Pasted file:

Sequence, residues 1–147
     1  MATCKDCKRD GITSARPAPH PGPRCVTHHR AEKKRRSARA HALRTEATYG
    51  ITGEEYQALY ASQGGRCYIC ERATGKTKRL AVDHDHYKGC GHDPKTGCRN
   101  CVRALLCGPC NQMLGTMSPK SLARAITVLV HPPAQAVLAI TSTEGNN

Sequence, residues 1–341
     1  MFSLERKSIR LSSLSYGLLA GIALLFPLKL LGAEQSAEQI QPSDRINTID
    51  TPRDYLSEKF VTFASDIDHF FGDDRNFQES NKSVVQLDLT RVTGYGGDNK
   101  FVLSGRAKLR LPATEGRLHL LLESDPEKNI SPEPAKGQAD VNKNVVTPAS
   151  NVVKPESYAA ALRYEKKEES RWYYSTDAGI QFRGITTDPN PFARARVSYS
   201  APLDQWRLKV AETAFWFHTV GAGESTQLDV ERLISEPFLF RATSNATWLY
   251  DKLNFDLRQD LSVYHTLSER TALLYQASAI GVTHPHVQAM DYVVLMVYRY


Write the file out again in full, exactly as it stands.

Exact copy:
Sequence, residues 1–147
     1  MATCKDCKRD GITSARPAPH PGPRCVTHHR AEKKRRSARA HALRTEATYG
    51  ITGEEYQALY ASQGGRCYIC ERATGKTKRL AVDHDHYKGC GHDPKTGCRN
   101  CVRALLCGPC NQMLGTMSPK SLARAITVLV HPPAQAVLAI TSTEGNN

Sequence, residues 1–341
     1  MFSLERKSIR LSSLSYGLLA GIALLFPLKL LGAEQSAEQI QPSDRINTID
    51  TPRDYLSEKF VTFASDIDHF FGDDRNFQES NKSVVQLDLT RVTGYGGDNK
   101  FVLSGRAKLR LPATEGRLHL LLESDPEKNI SPEPAKGQAD VNKNVVTPAS
   151  NVVKPESYAA ALRYEKKEES RWYYSTDAGI QFRGITTDPN PFARARVSYS
   201  APLDQWRLKV AETAFWFHTV GAGESTQLDV ERLISEPFLF RATSNATWLY
   251  DKLNFDLRQD LSVYHTLSER TALLYQASAI GVTHPHVQAM DYVVLMVYRY